Facebook Moves to Limit Toxic Content As Scandal Swirls
The social media giant is making a litany of changes to improve transparency
Mark Zuckerberg would like you to know that despite a scathing report in The New York Times, which depicts Facebook as a ruthless and selfish corporate behemoth, things are getting better—at least, the way he sees it.
In a lengthy call with reporters Thursday, and an equally lengthy "note" published on Facebook, the company's CEO laid out a litany of changes Facebook is making, designed to curb toxic content on the platform and provide more transparency into the decisions on content. But perhaps the most consequential update is that the Facebook News Feed algorithm will now try to limit the spread of sensationalist content on the platform, which represents a major change from how the social network traditionally has approached moderation. All of it is in service of restoring trust in a company whose reputation—and that of its leaders—has taken near constant body blows over the past two years.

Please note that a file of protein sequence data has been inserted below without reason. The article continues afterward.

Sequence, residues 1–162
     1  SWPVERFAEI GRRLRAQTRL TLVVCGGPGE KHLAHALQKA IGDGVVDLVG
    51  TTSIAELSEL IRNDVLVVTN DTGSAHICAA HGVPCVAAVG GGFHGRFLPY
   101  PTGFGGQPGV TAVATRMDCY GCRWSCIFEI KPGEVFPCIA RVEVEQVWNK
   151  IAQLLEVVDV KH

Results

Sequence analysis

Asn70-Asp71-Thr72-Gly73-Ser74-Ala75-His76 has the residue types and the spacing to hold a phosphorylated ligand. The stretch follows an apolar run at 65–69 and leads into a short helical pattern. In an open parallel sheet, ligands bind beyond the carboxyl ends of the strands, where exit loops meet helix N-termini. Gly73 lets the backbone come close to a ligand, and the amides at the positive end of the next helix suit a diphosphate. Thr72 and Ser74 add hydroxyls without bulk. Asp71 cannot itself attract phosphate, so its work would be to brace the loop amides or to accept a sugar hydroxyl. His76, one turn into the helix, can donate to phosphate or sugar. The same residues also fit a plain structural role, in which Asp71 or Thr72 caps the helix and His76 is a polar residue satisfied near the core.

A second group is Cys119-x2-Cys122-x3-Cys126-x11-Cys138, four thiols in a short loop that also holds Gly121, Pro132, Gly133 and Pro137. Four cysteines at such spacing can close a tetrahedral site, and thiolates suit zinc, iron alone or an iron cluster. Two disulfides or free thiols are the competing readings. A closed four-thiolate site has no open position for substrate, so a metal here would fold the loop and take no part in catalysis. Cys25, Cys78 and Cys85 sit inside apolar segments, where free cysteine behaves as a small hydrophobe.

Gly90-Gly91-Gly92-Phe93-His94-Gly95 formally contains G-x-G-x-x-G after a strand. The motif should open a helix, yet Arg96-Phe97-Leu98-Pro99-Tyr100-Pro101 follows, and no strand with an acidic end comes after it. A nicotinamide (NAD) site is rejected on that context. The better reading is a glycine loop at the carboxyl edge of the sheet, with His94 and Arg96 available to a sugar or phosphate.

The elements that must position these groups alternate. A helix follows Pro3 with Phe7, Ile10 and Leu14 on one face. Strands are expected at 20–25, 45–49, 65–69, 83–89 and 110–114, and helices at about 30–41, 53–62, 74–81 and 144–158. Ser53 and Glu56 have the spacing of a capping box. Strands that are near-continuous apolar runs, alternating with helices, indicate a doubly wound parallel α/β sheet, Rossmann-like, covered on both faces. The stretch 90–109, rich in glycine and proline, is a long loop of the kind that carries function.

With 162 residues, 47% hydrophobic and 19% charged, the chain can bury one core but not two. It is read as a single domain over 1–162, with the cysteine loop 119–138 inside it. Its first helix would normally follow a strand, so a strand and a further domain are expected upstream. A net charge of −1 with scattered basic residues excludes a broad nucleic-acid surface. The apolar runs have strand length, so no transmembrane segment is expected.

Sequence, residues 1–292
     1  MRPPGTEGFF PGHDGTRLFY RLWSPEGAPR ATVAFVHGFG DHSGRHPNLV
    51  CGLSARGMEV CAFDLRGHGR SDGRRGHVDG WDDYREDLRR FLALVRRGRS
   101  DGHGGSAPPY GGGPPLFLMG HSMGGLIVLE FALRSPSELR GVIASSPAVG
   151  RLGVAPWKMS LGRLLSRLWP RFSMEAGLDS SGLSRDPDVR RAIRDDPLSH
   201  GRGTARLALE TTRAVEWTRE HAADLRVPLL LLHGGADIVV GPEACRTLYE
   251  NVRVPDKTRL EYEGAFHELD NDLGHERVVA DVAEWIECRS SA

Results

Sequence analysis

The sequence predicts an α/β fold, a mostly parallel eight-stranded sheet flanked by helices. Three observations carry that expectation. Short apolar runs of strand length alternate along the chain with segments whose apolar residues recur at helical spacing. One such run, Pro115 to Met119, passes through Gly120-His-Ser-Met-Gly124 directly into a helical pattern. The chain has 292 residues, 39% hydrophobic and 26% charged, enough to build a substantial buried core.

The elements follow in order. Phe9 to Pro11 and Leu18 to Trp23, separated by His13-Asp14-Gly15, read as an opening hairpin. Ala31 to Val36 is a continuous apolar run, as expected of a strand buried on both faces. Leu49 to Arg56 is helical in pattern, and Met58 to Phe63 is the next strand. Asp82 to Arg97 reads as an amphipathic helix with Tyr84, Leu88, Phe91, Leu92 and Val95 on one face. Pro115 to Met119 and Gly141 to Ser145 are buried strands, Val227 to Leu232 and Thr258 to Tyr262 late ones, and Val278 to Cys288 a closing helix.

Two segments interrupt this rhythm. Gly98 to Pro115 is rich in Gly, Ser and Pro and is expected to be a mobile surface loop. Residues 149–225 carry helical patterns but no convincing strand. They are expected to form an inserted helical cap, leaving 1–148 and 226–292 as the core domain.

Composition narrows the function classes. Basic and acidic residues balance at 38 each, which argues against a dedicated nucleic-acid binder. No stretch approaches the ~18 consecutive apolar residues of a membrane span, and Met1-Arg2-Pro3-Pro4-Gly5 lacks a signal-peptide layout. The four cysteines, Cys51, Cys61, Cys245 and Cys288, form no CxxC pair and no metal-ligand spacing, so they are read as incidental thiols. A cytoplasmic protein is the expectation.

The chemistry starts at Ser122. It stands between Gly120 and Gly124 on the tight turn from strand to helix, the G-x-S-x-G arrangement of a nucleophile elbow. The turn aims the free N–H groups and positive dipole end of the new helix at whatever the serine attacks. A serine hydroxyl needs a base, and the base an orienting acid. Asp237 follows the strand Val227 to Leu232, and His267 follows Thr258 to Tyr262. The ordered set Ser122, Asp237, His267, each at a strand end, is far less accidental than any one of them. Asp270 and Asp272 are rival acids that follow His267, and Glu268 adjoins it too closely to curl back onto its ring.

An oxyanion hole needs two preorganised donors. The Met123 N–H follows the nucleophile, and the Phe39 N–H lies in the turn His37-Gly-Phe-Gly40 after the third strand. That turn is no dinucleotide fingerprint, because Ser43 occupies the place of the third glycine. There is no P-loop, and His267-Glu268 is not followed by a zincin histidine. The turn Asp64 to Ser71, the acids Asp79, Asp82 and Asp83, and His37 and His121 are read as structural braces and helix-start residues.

"When you have setbacks like we’ve had this year, that’s a big issue, and it does erode trust, and it takes time to build that back," Zuckerberg said on the call. "Certainly our job is not only to have this stuff at a good level and to continually improve, but to be ahead of new issues. I think over the last couple of years that’s been one of the areas where we’ve been most behind, especially around the election issues."
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